nep-fmk New Economics Papers
on Financial Markets
Issue of 2004‒12‒20
seven papers chosen by
Erik Schloegl
School of Mathematical Sciences University of Technology

  1. Market Reaction and Volatility in the Brazilian Stock Market By Otavio Ribeiro De Medeiros; Alberto Shigueru Matsumoto
  2. Information Content of Equity Analyst Reports By Asquith, Paul; Mikhail, Michael; Au, Andrea
  3. Asset Prices and Exchange Rates By Pavlova, Anna; Rigobon, Roberto
  4. An Empirical Analysis of the Canadian Term Structure of Zero-Coupon Interest Rates By David J. Bolder; Grahame Johnson; Adam Metzler
  5. The Monetary Origins of Asymmetric Information in International Equity Markets By Gregory H. Bauer; Clara Vega
  6. Explaining the Magnitude of Liquidity Premia: The Roles of Return Perdictability, Wealth Shocks and State-Dependent Transaction Costs By Anthony W. Lynch; Sinan Tan
  7. Strategic behavior on financial markets By Kannai,Y.; Rosenmueller,J.

  1. By: Otavio Ribeiro De Medeiros (Universidade de Brasilia, Brazil); Alberto Shigueru Matsumoto (Fundacao Visconde de Cairu, Brazil)
    Abstract: We perform an event study to investigate stock returns associated to the announcement of equity issues by Brazilian firms between 1992 and 2003 aiming to determine the market reaction before, during, and after the issue announcement. After measuring abnormal returns by OLS, we used ARCH and GARCH models over 70% of the sample. The results show signs of insider information, negative abnormal returns around the announcement, and persistent negative abnormal returns in the long-term after the issue. The results are consistent with the extant empirical literature and show that ARCH/GARCH estimation of abnormal returns is superior to OLS estimation.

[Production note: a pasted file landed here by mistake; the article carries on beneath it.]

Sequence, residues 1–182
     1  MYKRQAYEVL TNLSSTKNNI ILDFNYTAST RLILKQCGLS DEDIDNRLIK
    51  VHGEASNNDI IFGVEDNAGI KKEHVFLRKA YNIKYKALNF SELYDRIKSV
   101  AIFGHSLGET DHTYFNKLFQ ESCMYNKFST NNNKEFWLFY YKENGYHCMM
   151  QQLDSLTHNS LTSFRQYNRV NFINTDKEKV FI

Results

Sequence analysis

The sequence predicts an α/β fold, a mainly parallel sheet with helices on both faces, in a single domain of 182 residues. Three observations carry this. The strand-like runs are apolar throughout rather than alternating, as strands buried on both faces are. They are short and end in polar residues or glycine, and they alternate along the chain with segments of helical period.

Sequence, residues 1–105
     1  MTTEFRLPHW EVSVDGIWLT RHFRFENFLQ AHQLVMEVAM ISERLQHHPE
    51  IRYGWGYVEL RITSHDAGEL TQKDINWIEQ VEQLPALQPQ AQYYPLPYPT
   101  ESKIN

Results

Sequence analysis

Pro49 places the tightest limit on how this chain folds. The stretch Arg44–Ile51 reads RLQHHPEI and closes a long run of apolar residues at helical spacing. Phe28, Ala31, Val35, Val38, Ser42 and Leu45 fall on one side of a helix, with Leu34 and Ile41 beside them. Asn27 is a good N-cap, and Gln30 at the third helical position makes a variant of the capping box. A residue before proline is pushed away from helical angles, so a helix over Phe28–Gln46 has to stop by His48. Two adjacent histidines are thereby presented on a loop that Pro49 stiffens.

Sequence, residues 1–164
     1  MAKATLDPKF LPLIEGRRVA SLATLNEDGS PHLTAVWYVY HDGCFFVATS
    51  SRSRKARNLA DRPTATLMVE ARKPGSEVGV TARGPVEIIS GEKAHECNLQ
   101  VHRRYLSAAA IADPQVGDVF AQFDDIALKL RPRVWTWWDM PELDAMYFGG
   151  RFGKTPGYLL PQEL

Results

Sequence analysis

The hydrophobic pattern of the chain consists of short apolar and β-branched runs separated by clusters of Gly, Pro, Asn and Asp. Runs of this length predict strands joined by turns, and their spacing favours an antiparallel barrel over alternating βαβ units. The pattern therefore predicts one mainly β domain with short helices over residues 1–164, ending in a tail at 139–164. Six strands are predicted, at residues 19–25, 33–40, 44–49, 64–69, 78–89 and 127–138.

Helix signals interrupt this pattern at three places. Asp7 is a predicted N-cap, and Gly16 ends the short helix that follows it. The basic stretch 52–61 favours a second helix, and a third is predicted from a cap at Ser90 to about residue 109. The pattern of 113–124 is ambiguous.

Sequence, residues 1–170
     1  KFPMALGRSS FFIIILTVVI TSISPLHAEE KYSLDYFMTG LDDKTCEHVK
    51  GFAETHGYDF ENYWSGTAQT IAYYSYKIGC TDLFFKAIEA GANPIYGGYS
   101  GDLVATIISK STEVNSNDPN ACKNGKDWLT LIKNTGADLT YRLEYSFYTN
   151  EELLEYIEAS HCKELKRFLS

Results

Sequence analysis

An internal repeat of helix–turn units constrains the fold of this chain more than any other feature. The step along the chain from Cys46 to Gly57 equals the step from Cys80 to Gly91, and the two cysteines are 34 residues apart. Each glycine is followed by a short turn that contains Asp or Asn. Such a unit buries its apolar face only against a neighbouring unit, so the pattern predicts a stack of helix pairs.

Keywords: Brazilian stock market, event study, market reaction, GARCH
    JEL: G
    Date: 2004–12–15
    URL: http://d.repec.org/n?u=RePEc:wpa:wuwpfi:0412020&r=fmk
  2. By: Asquith, Paul; Mikhail, Michael; Au, Andrea
    Abstract: This paper catalogs the complete text of a large sample of All-American Analyst reports and examines the market reaction to the information released. It shows that the text of the report, which provides the justifications supporting an analyst's summary opinion, provides information beyond that contained in earnings forecasts, recommendation levels, and price targets. Including the strength of the analyst's justifications, reduces, and in some models eliminates, the significance of the information available in earnings forecasts and recommendation revisions. By controlling for the simultaneous release of other information, we show that analyst reports do not merely repeat firm releases of information, but also provide both new information and/or interpretation of previously released information to the market. By examining whether the market's reaction differs by report type (i.e. upgrade, reiteration, or downgrade), we demonstrate that information in a report is most important for downgrades and that target prices and the strength of the justifications are the only elements that matter for reiterations. Finally, we find no correlation between the valuation methodology used by analysts and either the market's reaction to a report's release or the analyst's accuracy. Our adjusted R2 of nearly 26% is three or four times larger than that of other studies using only partial content from analyst reports.
    Keywords: Stock recommendations, price targets, earnings forecasts, security analysts,
    Date: 2004–11–23